Julian Montague: The Stray Shopping Cart Identification System

Image: Julian Montague, The Stray Shopping Cart Identification System, installation view /  ©Julian Montague   ©Black & White Gallery / Project Space

Image: Julian Montague, The Stray Shopping Cart Identification System, installation view / ©Julian Montague ©Black & White Gallery / Project Space

Press Release / September 7 - October 14, 2006

Black & White Gallery is very excited to present The Stray Shopping Cart Identification System by Julian Montague as the first show of the fall 2006 season at its new location on the ground floor of the Chelsea Terminal Warehouse at 636 West 28th Street.

Julian Montague’s second solo show at Black & White Gallery includes over 40 photographs from his ongoing series of works that document and classify stray shopping carts.

Montague’s work has always functioned in multiple ways. Like a Weegee of retail detritus, he has become adept at documenting his subjects as though they were the splayed remains of some lurid crime scene. They are solid and often beautiful documents that hum with a dramatic realism, whether crushed, half-buried in snow, or submerged beneath murky waters. And while not quite anthropomorphized, they contain a certain residue of the human—they encourage speculation about their origins, their original usage, their unexpected journeys, and their often untimely ends.

But Montague’s shopping carts have also always been a springboard for the artist’s interest in forms of taxonomy and the implications of such systems. The carts, once documented, are segued into a prodigious system of categorization that aspires to include all potential designations. Carts are split into genus and subspecies and organized according to categories that are elegant in their specificity: Plow Crush, On/As Personal Property, Structurally Modified, Snow

Immobilization, Train Damaged, As Refuse Receptacle, Bulldozed... Montague’s methodology reveals the care-bordering-on-reverence of all good scientists and cultural anthropologists.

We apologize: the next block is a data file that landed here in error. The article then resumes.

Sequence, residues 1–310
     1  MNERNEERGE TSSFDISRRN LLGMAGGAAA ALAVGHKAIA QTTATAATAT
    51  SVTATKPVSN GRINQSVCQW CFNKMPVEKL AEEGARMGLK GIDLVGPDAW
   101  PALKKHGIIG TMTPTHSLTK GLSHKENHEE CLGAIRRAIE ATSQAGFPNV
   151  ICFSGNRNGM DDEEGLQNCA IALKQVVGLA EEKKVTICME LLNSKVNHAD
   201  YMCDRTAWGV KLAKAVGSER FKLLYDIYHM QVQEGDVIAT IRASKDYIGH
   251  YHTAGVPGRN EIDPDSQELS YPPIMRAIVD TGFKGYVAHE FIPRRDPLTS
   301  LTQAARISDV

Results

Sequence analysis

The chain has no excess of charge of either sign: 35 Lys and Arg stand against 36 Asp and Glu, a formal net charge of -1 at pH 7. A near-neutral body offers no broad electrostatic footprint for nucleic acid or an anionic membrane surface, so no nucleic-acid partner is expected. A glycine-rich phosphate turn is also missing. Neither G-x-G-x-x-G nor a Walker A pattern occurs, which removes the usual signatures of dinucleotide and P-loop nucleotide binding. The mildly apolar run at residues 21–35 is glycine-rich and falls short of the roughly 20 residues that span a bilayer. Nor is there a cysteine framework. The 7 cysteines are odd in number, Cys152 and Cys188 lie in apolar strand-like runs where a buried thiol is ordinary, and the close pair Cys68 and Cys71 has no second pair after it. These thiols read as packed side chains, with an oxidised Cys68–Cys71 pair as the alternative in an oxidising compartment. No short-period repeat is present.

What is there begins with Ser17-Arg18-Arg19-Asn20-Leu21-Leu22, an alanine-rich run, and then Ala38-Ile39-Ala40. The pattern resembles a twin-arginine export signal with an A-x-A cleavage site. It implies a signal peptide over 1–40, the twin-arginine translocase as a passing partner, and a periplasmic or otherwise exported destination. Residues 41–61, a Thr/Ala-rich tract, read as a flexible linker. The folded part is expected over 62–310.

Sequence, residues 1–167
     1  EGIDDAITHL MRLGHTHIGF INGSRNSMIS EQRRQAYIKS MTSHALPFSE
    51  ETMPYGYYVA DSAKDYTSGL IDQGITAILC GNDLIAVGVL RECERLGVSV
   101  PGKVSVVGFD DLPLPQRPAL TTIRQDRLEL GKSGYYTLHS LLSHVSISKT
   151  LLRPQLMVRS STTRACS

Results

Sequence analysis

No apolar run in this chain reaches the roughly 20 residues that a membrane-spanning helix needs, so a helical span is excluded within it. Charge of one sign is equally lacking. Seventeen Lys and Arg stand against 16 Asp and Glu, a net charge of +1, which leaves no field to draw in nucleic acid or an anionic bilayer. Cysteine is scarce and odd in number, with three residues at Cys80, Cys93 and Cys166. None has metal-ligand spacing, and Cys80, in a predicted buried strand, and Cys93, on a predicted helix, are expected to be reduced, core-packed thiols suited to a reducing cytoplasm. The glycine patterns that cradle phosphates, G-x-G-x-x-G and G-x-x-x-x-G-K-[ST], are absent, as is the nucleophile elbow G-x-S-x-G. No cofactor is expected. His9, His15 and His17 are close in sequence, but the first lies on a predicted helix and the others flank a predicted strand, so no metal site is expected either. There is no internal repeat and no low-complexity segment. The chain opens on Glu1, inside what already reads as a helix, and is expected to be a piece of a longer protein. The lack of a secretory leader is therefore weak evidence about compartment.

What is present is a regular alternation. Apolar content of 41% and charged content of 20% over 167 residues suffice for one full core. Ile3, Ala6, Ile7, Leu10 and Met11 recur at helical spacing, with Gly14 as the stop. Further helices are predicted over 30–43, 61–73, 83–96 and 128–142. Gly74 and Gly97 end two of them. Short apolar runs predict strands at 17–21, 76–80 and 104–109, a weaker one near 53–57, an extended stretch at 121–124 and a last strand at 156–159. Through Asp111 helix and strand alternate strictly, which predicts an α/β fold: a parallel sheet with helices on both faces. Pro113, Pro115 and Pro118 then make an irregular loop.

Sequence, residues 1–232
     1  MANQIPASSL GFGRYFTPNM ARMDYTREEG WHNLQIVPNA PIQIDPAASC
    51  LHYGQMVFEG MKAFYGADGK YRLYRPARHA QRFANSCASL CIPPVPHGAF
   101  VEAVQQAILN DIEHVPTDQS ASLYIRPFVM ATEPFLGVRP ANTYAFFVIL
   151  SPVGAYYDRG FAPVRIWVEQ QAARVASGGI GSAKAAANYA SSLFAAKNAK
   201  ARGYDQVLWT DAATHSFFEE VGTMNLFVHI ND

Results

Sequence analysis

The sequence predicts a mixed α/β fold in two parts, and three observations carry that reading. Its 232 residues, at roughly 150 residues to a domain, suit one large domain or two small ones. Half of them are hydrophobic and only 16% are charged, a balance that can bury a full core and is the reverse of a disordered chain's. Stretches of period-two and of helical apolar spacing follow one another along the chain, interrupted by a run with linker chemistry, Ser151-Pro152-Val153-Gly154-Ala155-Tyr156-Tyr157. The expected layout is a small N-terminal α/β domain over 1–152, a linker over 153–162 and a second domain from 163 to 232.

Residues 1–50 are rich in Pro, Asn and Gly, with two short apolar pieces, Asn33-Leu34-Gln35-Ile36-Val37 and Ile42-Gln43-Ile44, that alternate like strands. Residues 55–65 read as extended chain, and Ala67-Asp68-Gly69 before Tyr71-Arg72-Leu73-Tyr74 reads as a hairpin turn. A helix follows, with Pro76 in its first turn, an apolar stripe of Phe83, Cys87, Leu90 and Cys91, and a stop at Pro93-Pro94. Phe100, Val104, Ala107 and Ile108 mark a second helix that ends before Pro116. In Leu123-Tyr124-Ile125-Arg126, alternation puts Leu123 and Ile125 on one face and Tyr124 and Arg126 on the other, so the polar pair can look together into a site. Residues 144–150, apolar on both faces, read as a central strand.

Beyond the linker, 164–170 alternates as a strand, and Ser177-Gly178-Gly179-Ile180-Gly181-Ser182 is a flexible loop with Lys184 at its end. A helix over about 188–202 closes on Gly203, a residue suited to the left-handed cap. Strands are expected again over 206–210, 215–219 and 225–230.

What has remained intriguing about the series over the past few years is its elasticity. While Montague has remained true to his system, he has also remained free to play with the external manifestations of this system. He has alternately given the photographs and their categories varying degrees of emphasis and has rarely installed the work the same way twice. In its current version, the categories are minimized in favor of the images, but the images remain intimately—and accurately—connected through a graphic web of lines, a spider’s web of logic, inevitability, and absurdity.

Montague’s series has always recognized the problems of taxonomy by highlighting its inherent shortcomings—you can continue creating new species and genus forever—but his tone has never been mocking. There is a poetic momentum to Montague’s project, whereby even the most desultory subject can be described in earnest, affectionate terms and attain its own peculiar state of grace.

Since his graduation from Hampshire College in 1996 with a BA in Media Studies, Julian Montague’s photographs and other works have been exhibited in solo and group shows at Hallwalls Contemporary Arts Center in Buffalo, NY, Real Art Ways in Hartford, CT, Spaces Gallery in Cleveland, OH and at Art in General in NYC. In 2005 Montague’s work was included in the Albright Knox Art Gallery’s Beyond/In Western New York biennial at the Castellani Art Museum in Niagara Falls, NY. In 2006 the book version of the Stray Shopping Cart Identification System project, The Stray Shopping Carts Of Eastern North America: A Guide to Field Identification was published by Harry Abrams and is now widely available in bookstores and on most online book sellers. Julian Montague lives and works in Buffalo, NY. 

Show Press

New York Times